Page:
By Peter Polack
GEORGE TOWN Cayman Islands (Reuters) - Sixteen Cuban migrants who sought refuge in Grand Cayman have resumed their voyage in a small, homemade aluminum boat after local officials turned them away, citing a migration agreement with Cuba.
The 20-foot (6-meter) boat, a patchwork of fiberglass and metal with large inner tubes attached to makeshift outriggers, left on Thursday night, headed for Honduras, about 400 miles (644 km) away.
They were last seen being trailed by a police boat and helicopter about five miles (8 km) off Grand Cayman, drifting west in five foot (1.5 meter) waves with a squall approaching.
Boats smuggling Cubans who are seeking to flee the communist-run island are frequently seen off the Cayman Islands, located in the Caribbean less than 100 miles (160 km) south of Cuba.
They are usually headed for Honduras from where migrants make the long journey overland to reach the U.S. border with Mexico. Under the U.S. so-called "wet foot, dry foot policy," Cuban migrants who make it onto United States soil are allowed to remain while those intercepted at sea are turned back.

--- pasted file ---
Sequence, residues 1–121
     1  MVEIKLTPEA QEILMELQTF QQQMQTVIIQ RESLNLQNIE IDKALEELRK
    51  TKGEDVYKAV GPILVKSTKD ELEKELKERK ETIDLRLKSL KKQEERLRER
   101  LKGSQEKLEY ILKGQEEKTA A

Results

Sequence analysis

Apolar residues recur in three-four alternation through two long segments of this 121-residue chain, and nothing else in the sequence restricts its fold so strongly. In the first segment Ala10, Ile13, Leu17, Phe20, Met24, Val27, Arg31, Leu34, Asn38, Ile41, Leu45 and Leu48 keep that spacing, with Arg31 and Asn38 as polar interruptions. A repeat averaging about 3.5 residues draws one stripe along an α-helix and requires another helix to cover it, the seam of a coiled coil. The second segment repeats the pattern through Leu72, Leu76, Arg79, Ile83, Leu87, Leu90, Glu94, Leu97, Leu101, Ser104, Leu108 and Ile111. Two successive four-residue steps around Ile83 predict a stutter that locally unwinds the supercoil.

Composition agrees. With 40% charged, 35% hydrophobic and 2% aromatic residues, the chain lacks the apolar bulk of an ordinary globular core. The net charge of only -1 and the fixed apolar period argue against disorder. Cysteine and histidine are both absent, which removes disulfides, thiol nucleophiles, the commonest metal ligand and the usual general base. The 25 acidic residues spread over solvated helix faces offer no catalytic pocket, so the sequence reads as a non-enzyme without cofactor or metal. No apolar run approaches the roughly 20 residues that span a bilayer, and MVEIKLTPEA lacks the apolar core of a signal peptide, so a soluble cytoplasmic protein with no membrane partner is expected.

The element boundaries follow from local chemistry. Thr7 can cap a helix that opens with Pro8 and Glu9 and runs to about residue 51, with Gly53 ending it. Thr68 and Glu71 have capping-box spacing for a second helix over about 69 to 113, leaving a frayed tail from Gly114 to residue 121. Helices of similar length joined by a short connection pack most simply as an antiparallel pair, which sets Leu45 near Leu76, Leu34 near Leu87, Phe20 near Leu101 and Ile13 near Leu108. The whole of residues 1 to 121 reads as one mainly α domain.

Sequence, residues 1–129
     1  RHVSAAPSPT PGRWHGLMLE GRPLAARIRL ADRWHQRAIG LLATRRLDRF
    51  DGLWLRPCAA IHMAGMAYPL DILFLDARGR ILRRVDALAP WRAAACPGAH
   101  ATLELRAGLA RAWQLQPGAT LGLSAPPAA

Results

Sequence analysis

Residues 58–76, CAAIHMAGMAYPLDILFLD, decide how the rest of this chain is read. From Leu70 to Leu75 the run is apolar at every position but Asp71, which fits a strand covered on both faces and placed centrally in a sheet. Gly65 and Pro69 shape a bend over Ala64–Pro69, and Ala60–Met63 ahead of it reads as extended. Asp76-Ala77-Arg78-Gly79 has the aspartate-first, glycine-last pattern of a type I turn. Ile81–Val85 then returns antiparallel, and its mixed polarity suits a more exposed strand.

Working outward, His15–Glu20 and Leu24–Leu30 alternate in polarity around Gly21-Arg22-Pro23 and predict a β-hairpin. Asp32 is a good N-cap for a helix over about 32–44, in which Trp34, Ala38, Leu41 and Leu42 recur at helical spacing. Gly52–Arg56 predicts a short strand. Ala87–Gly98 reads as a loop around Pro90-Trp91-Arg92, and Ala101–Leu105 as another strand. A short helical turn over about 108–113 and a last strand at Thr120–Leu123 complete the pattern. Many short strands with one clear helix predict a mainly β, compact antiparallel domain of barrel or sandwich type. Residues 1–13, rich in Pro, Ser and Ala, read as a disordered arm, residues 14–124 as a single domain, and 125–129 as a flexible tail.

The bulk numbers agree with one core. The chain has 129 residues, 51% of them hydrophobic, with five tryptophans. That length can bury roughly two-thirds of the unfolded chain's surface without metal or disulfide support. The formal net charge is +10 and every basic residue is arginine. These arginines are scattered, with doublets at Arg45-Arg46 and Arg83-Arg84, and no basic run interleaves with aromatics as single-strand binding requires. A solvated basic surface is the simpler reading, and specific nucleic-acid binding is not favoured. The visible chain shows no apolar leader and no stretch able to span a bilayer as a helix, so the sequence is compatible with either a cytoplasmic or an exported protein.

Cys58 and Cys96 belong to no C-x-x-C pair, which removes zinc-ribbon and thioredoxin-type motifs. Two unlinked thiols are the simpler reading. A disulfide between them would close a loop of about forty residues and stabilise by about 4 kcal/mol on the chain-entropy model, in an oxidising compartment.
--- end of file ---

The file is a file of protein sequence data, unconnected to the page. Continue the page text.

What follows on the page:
The U.S. Border Patrol said in late July that more than 13,500 Cubans without proper travel documents had tried to cross the southwestern U.S. border since Oct. 1, 2013, more than during all of the previous 12 months. Four years ago, the 12-month total was about 5,500.
"We left (Cuba) because there are no jobs or the basic items for living," said the boat captain, who was briefly interviewed close to shore before the boat departed.
The captain, who identified himself as Angelo, said the passengers, 11 men and five women aged 18 to 40, were from Manzanillo in eastern Cuba.
He said the boat had been at sea for five days since leaving eastern Cuba, surviving rough seas whipped up by the passage of hurricane Cristobal to the east. The boat had no shade from the blazing summer heat, and the group appeared to have run out of water.
Under a 1999 migration accord with Havana, Cuban boats are allowed to pass through Cayman waters as long as they do not seek any assistance. If the migrants come ashore, they are taken into custody and usually repatriated to Cuba.
Cayman immigration officials estimate about 244 Cuban migrants have passed through its waters so far in 2014, while 76 were repatriated.
(Editing by David Adams and Ken Wills)